The Central Intelligence Agency was set up in 1947 as the key agency for US Cold War operations. From its inception, it intervened in the trade union movement and workers' political parties throughout much of the world, including Australia.

One of the first post-World War II US policy objectives was to counter the newly-formed World Federation of Trade Unions (WFTU) to which the Australian union movement was affiliated through the ACTU.

This is an edited version of the speech given by Jackie Kriz, the president of Geelong Trades Hall Council, at the Geelong Reclaim the Night rally on October 31.

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I would like to thank the women of Reclaim the Night collective who, with support from Geelong Trades Hall, have worked tirelessly for months to organise this rally.

Carol Hucker worked in Manus Island detention centre as a counsellor for International Health and Medical Services (IHMS) and as a case worker for the Salvation Army from June 2013 to July last year.

She has allowed Green Left Weekly to publish her account so that people can become more aware of what is happening in Australia's offshore detention centres.

She said: “It is my hope that through this brief account the men on Manus will not be forgotten.”

This is the last part of a multi-part series and covers her time there in June and July 2014.

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In our “A World to Win” series, Resistance: Young Socialist Alliance seeks to give voice to the ideas and demands of radical young people involved in the struggle to make the world a better place.

In this week's article, Stanley Blair argues that the international border system exacerbates the injustice of capitalism and that we need open borders.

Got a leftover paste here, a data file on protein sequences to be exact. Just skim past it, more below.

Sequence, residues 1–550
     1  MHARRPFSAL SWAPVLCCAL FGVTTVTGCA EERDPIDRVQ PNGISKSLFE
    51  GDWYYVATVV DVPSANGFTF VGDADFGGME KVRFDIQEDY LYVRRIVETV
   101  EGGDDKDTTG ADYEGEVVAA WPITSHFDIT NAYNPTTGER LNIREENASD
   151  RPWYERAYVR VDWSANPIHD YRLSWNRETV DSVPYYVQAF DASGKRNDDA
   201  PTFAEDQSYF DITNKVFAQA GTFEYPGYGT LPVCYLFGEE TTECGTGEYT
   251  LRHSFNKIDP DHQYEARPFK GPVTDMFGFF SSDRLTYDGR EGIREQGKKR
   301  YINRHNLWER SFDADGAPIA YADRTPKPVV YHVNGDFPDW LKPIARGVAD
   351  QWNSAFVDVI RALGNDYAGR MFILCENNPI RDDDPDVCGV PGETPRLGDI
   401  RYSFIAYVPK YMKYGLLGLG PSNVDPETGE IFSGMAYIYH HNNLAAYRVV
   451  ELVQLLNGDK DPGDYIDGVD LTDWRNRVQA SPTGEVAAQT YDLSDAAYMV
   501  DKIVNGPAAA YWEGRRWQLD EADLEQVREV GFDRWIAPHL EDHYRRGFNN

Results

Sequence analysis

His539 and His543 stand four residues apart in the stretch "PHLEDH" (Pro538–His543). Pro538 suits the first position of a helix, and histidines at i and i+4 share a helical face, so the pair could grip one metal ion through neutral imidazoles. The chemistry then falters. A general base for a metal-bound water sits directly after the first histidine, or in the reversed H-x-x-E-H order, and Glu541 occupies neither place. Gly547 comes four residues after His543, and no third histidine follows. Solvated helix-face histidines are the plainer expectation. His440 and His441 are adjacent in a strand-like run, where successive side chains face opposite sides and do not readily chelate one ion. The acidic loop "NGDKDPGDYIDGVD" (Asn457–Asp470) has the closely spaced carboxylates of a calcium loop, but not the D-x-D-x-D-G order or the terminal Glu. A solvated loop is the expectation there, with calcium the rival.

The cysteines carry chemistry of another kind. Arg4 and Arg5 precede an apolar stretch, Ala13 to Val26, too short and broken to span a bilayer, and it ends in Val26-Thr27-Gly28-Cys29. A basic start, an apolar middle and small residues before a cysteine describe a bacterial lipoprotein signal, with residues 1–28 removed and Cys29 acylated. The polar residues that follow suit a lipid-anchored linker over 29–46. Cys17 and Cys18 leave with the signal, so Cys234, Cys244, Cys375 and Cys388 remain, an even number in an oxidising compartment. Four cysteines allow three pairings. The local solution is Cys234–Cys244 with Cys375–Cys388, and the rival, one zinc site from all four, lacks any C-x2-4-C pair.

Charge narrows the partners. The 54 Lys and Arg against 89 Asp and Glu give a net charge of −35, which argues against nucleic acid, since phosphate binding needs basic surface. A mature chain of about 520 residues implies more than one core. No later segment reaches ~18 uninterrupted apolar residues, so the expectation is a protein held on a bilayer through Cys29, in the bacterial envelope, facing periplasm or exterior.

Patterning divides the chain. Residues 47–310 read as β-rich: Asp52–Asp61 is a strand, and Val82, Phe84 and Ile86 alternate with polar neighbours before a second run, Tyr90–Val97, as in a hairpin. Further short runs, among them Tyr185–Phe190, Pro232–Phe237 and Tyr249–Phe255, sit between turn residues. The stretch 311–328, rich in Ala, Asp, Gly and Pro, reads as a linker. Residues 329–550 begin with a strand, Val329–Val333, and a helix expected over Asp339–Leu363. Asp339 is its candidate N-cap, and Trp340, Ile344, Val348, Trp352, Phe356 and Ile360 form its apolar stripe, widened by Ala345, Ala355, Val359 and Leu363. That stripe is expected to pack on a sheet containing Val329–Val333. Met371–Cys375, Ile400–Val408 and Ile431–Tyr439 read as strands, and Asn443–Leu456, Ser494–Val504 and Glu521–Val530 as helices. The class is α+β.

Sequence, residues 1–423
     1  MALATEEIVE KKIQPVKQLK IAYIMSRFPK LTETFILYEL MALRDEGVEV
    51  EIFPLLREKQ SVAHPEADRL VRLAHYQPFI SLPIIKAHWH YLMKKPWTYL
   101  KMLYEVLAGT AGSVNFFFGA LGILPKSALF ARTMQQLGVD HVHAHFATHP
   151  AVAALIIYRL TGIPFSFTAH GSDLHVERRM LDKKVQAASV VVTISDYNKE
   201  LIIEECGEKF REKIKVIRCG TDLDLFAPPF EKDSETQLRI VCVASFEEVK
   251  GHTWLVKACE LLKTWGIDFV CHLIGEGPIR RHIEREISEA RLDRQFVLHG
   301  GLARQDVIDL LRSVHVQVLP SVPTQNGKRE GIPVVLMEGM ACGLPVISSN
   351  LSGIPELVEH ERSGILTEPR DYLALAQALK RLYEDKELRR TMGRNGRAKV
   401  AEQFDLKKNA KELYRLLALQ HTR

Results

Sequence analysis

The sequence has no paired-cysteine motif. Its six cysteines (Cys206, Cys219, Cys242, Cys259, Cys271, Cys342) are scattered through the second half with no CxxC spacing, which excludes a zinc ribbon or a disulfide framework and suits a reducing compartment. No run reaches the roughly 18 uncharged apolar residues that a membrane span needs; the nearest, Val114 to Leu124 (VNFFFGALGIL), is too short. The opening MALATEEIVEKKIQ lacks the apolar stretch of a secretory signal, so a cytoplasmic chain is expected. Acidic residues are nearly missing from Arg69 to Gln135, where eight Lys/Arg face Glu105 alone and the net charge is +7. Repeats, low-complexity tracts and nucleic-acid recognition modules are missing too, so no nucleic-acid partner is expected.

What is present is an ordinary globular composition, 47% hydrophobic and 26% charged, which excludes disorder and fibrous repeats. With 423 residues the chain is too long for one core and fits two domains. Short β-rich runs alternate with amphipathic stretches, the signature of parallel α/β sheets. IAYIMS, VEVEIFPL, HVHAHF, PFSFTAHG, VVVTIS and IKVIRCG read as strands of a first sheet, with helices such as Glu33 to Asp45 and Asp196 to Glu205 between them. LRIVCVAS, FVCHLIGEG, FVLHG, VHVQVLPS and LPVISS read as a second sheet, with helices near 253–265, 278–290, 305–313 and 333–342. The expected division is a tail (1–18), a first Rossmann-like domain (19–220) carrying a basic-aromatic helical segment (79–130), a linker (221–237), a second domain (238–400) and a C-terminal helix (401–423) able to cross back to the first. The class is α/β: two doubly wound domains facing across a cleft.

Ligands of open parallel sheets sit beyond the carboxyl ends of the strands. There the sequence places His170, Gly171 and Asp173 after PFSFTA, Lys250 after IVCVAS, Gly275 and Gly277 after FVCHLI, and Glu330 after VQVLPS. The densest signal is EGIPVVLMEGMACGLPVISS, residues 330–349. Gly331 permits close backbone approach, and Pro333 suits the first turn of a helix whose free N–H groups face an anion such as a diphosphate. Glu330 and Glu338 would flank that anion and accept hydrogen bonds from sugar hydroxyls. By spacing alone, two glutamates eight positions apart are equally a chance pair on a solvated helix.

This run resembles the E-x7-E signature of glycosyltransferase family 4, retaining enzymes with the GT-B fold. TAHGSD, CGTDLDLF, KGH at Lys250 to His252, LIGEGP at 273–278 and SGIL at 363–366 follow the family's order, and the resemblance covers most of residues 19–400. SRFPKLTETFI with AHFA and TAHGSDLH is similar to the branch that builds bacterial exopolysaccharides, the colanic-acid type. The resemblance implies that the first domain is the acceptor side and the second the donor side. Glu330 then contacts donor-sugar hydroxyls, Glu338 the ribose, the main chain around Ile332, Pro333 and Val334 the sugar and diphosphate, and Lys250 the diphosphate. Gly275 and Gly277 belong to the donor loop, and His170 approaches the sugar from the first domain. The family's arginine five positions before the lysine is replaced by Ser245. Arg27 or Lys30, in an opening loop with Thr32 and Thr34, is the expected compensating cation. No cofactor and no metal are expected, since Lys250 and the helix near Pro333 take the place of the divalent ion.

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Around the world, political discussion has become increasingly concerned with immigration. The Australian establishment has been a world leader in immigration scaremongering for the past decade.

Gas miner Metgasco's surprise announcement on November 2 that it was recommending its shareholders accept a $25 million payout for its three remaining exploration licences in NSW's Northern Rivers, near Lismore, was celebrated right across the state.

Anti-fracking campaigners, who have worked hard for more than three years, educating, organising and mobilising communities against the industry, are very relieved.

When it was revealed last month that Malcolm Turnbull has significant investments in the Caribbean tax haven of the Cayman Islands, I'll admit I felt some relief. At least our prime minister appeared committed to helping someone's economy, even if It was just a banking system once described by Barack Obama as “the biggest tax scam on record”.

The Age published a comment piece on October 26, called “Australia, we need to talk about the way we speak”. Author Dean Frenkel, lecturer in public speaking and communications, argued the Australian accent developed when “our forefathers regularly got drunk together and through their frequent interactions added an alcoholic slur to our national speech patterns”.

In yet another policy continuity with Tony Abbott, Prime Minister Malcolm Turnbull is considering raising the goods and services tax (GST).

Once again, this shows the government acting in the interests of big corporations and the super rich against the interests of ordinary people.

The simple truth is that the GST is an unfair tax. Poor people pay a higher proportion of their income in GST than rich people.

Resistance: Young Socialist Alliance (RYSA) released the following statement on October 27 in support of the Fossil Free UTas occupation.